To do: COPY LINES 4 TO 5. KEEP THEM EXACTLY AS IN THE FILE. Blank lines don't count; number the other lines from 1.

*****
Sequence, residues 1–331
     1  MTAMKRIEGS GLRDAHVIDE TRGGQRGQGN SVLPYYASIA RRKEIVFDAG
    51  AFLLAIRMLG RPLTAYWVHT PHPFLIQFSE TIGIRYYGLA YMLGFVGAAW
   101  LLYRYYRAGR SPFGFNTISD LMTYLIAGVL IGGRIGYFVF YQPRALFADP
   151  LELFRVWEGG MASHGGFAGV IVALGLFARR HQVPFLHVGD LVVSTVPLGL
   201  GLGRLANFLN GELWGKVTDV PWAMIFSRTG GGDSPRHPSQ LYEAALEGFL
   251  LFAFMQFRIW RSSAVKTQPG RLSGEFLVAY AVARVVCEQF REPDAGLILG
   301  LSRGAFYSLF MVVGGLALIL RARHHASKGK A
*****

   101  LLYRYYRAGR SPFGFNTISD LMTYLIAGVL IGGRIGYFVF YQPRALFADP
   151  LELFRVWEGG MASHGGFAGV IVALGLFARR HQVPFLHVGD LVVSTVPLGL